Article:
The parties agree that Michigan's law is the applicable law in this case. Nevertheless, the issue of what comprises a prima facie case for a design defect in products liability cases under Michigan law is a question of law which this court must review de novo. Salve Regina College v. Russell, --- U.S. ----, 111 S. Ct. 1217, 1221 (1991). In applying Michigan law to determine whether a trial court has properly granted a directed verdict to the defendant on the ground that plaintiff has failed to establish a prima facie case, this court must consider the facts in the light most favorable to plaintiff. Reeves v. Cincinnati, Inc., 176 Mich.App. 181, 439 N.W.2d 326 (1989), appeal denied, 434 Mich. 895 (1990); Taylor v. Wyeth Laboratories, Inc., 139 Mich.App. 389, 362 N.W.2d 293 (1984).

Michigan applies a negligence theory to defectively designed product liability actions. Prentis v. Yale Mfg. Co., 421 Mich. 670, 365 N.W.2d 176, 186 (1984); Owens v. Allis-Chalmers Corp., 414 Mich. 413, 326 N.W.2d 372, 377 (1982). The general test is whether the design was unreasonably dangerous in that it created an unreasonable risk of foreseeable injury. Prentis, 365 N.W.2d at 186; Owens, 326 N.W.2d at 377. However, in Owens, the Michigan Supreme Court held that in order to establish a prima facie case for negligent design of a product, a plaintiff must present evidence on two requirements in addition to those elements commonly required for negligence such as foreseeability of the risk. A plaintiff must also present evidence concerning (1) the magnitude of the risk posed by the alleged defect, and (2) other reasonable design alternatives in order to establish a prima facie case for a negligently designed product. Owens, 326 N.W.2d at 378-79.

The district court determined that the additional requirements of Owens were applicable to the present case. In granting a directed verdict in favor of defendant, the district court held:

Neither Professor Felbeck nor any other witness has offered any testimony nor has there been any evidence presented in this matter whatsoever as to the foreseeability in 1977 of intergranular fractures caused by stress corrosion cracking of an aluminum ladder composed of alloy 6105T5 manufactured in 1977 and designed prior thereto and which ladder then allegedly failed in 1986. In fact, Professor Felbeck testified that he'd been unable to find anything in the literature in the 1970's that related to the susceptibility of this alloy to stress corrosion cracking or intergranular fractures. The record is simply devoid of any evidence whatsoever that it was reasonably foreseeable by this manufacturer in 1977 that this particular alloy might be subject to stress corrosion cracking which would lead to intergranular fractures and collapse and failure of the ladder nine years later in 1986.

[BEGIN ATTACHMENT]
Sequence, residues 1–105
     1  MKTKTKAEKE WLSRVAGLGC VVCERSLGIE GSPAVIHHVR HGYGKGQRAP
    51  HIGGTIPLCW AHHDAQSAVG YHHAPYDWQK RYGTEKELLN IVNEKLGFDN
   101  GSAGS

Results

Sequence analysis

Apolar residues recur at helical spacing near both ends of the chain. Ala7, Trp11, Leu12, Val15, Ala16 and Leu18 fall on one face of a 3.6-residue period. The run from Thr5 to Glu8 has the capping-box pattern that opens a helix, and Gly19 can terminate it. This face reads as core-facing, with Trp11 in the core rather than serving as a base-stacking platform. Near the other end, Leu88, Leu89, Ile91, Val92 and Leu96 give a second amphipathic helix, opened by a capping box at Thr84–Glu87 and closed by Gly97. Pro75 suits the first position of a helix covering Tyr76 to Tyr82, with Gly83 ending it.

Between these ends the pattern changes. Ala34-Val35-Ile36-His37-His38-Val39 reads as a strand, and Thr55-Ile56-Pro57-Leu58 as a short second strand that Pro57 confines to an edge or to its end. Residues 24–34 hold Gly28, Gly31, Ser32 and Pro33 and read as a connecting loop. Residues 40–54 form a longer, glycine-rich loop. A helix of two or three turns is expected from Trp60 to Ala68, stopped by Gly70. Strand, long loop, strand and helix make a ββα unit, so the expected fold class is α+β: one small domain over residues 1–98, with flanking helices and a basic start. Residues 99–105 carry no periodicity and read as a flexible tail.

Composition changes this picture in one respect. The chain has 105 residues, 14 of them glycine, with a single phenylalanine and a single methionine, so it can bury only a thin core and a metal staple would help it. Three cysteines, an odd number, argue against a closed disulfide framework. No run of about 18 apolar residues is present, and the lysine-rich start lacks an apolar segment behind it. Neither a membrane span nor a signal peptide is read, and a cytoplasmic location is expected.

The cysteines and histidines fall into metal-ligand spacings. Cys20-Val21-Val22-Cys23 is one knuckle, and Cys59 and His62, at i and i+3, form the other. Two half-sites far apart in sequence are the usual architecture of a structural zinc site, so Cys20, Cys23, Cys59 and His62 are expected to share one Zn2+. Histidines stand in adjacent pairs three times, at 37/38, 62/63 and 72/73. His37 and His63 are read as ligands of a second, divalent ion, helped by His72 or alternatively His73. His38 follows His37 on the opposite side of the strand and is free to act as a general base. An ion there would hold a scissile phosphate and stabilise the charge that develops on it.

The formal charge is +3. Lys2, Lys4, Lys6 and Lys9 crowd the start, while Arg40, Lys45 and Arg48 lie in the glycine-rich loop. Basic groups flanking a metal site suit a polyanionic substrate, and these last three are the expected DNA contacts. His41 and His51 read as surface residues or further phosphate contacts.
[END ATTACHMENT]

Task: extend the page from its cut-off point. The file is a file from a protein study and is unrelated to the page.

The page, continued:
Beyond that, there has been no testimony offered by the plaintiffs regarding the magnitude of the risks involved in the use of alloy 6105T5 in 1977 or in the reasonableness of any alternative design in 1977.

Plaintiffs argue that they presented evidence concerning the foreseeability of the risk, that the district court improperly applied the Owens requirements to their case, and, in any event, they did present sufficient evidence on the magnitude of the risk and the reasonableness of design alternatives to have had the case submitted to the jury.

Plaintiffs' argument that the district court erred when it applied the Owens requirements to their case will be addressed first. In Owens, plaintiff appealed the trial court's grant of a directed verdict in favor of the defendant. The plaintiff had sued the manufacturer of a fork lift for failure to provide a seat belt or other restraint to prevent the operator from being crushed if the fork lift were to roll over. In applying the general negligence test, the court held that the directed verdict was proper because the plaintiff failed to establish a prima facie case for a defective design when he did not present evidence concerning the magnitude of the risk and the reasonableness of other design alternatives. Owens, 326 N.W.2d at 378-79.